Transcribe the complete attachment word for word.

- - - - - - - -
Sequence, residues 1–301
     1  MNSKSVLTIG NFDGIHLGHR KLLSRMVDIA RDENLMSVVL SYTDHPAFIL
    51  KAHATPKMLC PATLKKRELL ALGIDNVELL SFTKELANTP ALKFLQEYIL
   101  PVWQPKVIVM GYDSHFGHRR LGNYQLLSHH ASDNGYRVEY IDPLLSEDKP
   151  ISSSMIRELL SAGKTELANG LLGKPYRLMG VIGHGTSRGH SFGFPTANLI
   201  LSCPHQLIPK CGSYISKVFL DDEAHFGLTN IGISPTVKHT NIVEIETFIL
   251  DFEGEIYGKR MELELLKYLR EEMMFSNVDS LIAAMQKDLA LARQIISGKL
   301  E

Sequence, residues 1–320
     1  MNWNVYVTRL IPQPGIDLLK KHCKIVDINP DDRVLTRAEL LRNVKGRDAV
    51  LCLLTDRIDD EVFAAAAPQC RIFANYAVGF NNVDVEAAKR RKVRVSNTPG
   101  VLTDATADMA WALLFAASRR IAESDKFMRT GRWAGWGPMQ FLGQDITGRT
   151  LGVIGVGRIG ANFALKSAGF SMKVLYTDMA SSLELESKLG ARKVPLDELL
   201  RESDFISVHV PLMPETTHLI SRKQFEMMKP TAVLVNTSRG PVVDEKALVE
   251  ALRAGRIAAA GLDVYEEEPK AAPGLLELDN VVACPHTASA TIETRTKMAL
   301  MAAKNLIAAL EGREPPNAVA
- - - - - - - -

Sequence, residues 1–301
     1  MNSKSVLTIG NFDGIHLGHR KLLSRMVDIA RDENLMSVVL SYTDHPAFIL
    51  KAHATPKMLC PATLKKRELL ALGIDNVELL SFTKELANTP ALKFLQEYIL
   101  PVWQPKVIVM GYDSHFGHRR LGNYQLLSHH ASDNGYRVEY IDPLLSEDKP
   151  ISSSMIRELL SAGKTELANG LLGKPYRLMG VIGHGTSRGH SFGFPTANLI
   201  LSCPHQLIPK CGSYISKVFL DDEAHFGLTN IGISPTVKHT NIVEIETFIL
   251  DFEGEIYGKR MELELLKYLR EEMMFSNVDS LIAAMQKDLA LARQIISGKL
   301  E

Sequence, residues 1–320
     1  MNWNVYVTRL IPQPGIDLLK KHCKIVDINP DDRVLTRAEL LRNVKGRDAV
    51  LCLLTDRIDD EVFAAAAPQC RIFANYAVGF NNVDVEAAKR RKVRVSNTPG
   101  VLTDATADMA WALLFAASRR IAESDKFMRT GRWAGWGPMQ FLGQDITGRT
   151  LGVIGVGRIG ANFALKSAGF SMKVLYTDMA SSLELESKLG ARKVPLDELL
   201  RESDFISVHV PLMPETTHLI SRKQFEMMKP TAVLVNTSRG PVVDEKALVE
   251  ALRAGRIAAA GLDVYEEEPK AAPGLLELDN VVACPHTASA TIETRTKMAL
   301  MAAKNLIAAL EGREPPNAVA